What is the useful role of CHE?


s foreshadowed in a previous post, we met this afternoon with Garrison Walters, the new (new to us, anyway) head of the state Commission on Higher Education.

Once upon a time, that post was filled by Fred Sheheen — Vincent’s Daddy, for those keeping up with political genealogy — who had an active, aggressive notion of the role the CHE should play in marshaling this poor state’s limited higher education resources to greatest effect. The powers that be, such as those who revere the prerogatives of the godlike boards of trustees of the respective institutions, did not like his style. They moved not only to get rid of him, but to restructure the CHE to make it kinder, gentler and less likely to say "nay" to anything they wished to do — or to have any authority even if it did say so.

Since then, the organization has been a lot more studious and polite — content with a "coordinating" rather than "governing" role. Mr. Walters is aware that our board has long favored a Board of Regents that would treat our collection of public, post-secondary institutions as a system rather than islands. He maintains, as do many who cast doubt on our restructuring fervor (say, the Senate on doing away with the "long ballot," or defenders of the council-manager system in Columbia), that some states with such boards do well, and others do not, while some states without overall governance do fine (he cites Michigan, Illinois and Texas).

My position, as always, is that given a choice between a structure intended to facilitate efficiency and accountability on the one hand, and a structure that one can succeed in those regards in spite of, I prefer the former.

As previously noted, of course, we temporarily have a condition in which our three research institutions, motivated in part by such inducements as the endowed chairs, are pulling at their oars as though they understand that we’re all in the same boat. Mr. Walters made note of that. Our position is to applaud our current state, but to worry about what happens when the current individuals in leadership move on, as Andrew Sorensen is about to do. Below that level cooperation and coordination is less evident, although there are encouraging exceptions to that trend.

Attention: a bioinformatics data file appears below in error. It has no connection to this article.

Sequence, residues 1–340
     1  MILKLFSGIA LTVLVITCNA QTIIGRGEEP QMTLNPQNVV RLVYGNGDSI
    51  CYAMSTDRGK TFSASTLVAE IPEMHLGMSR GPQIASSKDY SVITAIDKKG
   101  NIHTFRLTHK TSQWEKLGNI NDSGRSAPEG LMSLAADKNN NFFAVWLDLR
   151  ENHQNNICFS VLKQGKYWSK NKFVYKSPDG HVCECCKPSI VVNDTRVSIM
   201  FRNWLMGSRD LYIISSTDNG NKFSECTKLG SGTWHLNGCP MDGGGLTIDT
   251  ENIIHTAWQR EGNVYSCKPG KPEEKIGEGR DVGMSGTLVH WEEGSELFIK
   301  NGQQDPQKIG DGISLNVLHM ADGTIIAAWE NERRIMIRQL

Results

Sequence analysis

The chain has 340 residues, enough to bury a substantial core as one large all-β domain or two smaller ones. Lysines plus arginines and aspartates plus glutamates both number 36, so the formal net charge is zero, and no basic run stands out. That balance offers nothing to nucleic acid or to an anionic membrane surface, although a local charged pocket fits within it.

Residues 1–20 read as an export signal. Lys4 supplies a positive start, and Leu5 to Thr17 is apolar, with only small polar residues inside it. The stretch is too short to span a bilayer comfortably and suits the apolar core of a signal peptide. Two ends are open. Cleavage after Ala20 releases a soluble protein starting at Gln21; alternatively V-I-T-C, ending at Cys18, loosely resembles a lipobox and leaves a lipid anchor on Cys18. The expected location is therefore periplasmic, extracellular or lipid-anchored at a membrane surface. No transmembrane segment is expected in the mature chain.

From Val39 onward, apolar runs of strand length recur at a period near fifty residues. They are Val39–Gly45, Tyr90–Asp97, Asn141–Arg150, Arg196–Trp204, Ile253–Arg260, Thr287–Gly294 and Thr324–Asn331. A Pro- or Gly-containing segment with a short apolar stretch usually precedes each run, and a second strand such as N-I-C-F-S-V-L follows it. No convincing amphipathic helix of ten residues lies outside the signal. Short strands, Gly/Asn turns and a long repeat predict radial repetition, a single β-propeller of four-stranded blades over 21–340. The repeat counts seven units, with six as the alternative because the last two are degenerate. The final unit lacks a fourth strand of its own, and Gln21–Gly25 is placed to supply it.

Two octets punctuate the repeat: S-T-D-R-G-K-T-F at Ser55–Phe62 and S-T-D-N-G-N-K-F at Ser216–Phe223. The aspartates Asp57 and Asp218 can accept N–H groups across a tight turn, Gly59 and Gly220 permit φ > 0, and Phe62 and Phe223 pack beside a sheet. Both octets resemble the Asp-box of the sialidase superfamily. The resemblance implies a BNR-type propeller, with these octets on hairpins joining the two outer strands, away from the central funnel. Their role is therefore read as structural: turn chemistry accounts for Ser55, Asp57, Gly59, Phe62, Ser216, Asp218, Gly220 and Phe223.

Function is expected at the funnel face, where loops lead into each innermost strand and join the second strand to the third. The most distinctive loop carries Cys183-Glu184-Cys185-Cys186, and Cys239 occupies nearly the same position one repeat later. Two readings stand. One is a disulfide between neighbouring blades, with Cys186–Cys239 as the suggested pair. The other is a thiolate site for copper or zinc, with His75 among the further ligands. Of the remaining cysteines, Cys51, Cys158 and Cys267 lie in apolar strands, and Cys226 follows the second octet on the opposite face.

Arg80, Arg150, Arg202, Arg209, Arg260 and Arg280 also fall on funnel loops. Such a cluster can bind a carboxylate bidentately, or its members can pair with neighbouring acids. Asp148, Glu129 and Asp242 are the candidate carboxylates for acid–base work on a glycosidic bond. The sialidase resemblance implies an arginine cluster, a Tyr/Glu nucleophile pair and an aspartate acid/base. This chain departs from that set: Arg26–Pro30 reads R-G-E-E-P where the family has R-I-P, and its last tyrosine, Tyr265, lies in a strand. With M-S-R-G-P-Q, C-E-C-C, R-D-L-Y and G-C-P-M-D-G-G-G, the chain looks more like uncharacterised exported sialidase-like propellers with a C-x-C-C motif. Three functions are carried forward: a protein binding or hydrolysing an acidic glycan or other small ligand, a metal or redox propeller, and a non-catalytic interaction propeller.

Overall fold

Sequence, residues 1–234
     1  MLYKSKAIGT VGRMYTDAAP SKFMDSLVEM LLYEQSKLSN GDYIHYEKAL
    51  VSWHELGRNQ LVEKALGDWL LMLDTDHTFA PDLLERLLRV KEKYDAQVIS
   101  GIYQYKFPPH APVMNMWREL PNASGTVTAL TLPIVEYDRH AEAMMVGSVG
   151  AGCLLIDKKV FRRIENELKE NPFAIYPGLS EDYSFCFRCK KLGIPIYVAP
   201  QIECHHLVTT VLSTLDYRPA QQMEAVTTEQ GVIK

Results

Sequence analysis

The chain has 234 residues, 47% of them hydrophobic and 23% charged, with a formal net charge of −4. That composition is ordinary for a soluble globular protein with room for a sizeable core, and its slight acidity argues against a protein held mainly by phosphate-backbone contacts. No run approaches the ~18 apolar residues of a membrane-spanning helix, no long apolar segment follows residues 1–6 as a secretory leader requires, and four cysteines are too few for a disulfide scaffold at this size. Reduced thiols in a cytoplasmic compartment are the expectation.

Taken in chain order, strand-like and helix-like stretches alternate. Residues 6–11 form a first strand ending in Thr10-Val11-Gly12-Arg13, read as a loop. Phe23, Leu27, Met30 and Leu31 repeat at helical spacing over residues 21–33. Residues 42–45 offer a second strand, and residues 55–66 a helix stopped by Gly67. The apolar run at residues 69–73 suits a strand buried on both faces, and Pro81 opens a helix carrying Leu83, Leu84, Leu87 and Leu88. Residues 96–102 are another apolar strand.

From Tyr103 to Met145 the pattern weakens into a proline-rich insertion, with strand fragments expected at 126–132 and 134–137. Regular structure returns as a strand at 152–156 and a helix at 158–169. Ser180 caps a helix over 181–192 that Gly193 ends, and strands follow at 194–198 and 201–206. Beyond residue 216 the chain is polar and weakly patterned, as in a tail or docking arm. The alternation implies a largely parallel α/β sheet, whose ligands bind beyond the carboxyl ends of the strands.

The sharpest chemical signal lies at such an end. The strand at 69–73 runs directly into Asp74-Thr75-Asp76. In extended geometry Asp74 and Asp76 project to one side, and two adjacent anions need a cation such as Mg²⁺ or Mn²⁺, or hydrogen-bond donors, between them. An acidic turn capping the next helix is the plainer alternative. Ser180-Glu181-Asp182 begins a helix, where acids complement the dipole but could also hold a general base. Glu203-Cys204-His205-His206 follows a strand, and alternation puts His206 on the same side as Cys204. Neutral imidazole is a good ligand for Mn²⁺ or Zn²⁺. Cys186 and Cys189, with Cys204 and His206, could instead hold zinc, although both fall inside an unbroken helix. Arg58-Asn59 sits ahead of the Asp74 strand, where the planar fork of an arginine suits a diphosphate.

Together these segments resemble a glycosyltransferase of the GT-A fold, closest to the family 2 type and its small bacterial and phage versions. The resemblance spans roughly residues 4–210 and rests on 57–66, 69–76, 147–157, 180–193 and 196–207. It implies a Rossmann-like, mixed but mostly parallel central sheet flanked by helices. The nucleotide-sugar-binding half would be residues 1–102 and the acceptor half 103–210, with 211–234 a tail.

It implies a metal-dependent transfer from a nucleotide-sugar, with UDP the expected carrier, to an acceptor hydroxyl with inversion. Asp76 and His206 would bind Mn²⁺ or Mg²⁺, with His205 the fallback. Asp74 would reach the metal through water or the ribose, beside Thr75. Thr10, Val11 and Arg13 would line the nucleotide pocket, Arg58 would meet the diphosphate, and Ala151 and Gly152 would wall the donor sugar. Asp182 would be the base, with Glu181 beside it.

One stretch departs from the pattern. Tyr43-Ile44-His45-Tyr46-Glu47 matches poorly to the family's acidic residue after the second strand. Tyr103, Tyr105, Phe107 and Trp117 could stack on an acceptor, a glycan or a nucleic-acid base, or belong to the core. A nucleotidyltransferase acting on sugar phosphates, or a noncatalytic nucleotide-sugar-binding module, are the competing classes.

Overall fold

Anyway, Mr. Walters held out hope that once a study committee finishes its work in September, we might see a new focus and purpose toward focusing our higher ed efforts. Let’s hope he’s right. In the meantime, I provide a video clip in which I ask our guest what he thinks it will take for South Carolina to get where it needs to go, and what CHE’s role is in that…

10 thoughts on “What is the useful role of CHE?

  1. Doug Ross

    > Anyway, Mr. Walters held out hope that
    > once a study committee finishes its work > in September,
    Is there anything in the government that DOESN’T require a multi-month “study” to accomplish? Especially when the “study” comes back with recommendations that are not implemented…
    I don’t know when this study started, but couldn’t a reasonable set of ideas be identified in a month instead of six months?

  2. Lee Muller

    Back in the late 1960s, the state hired a person (I won’t name) who had been part of unifying the California college system.
    Some in the legislature who thought they should run USC and Clemson went after this man and is family, until he quit and left the state, leaving us with the CHE.

  3. TheAnonymous

    I don’t know about the useful role of this one.
    But a useful role for an ex-Marine is head-knocker cop. This is awesome — an ex-Marine from Texas! Now I can breathe a sigh of relief!! Good choice Chief Austin.
    Really, they should put one in every agency in the state. And at least one per row in the Legislature.

  4. weldon VII

    “My position, as always, is that given a choice between a structure intended to facilitate efficiency and accountability on the one hand, and a structure that one can succeed in those regards in spite of, I prefer the former.”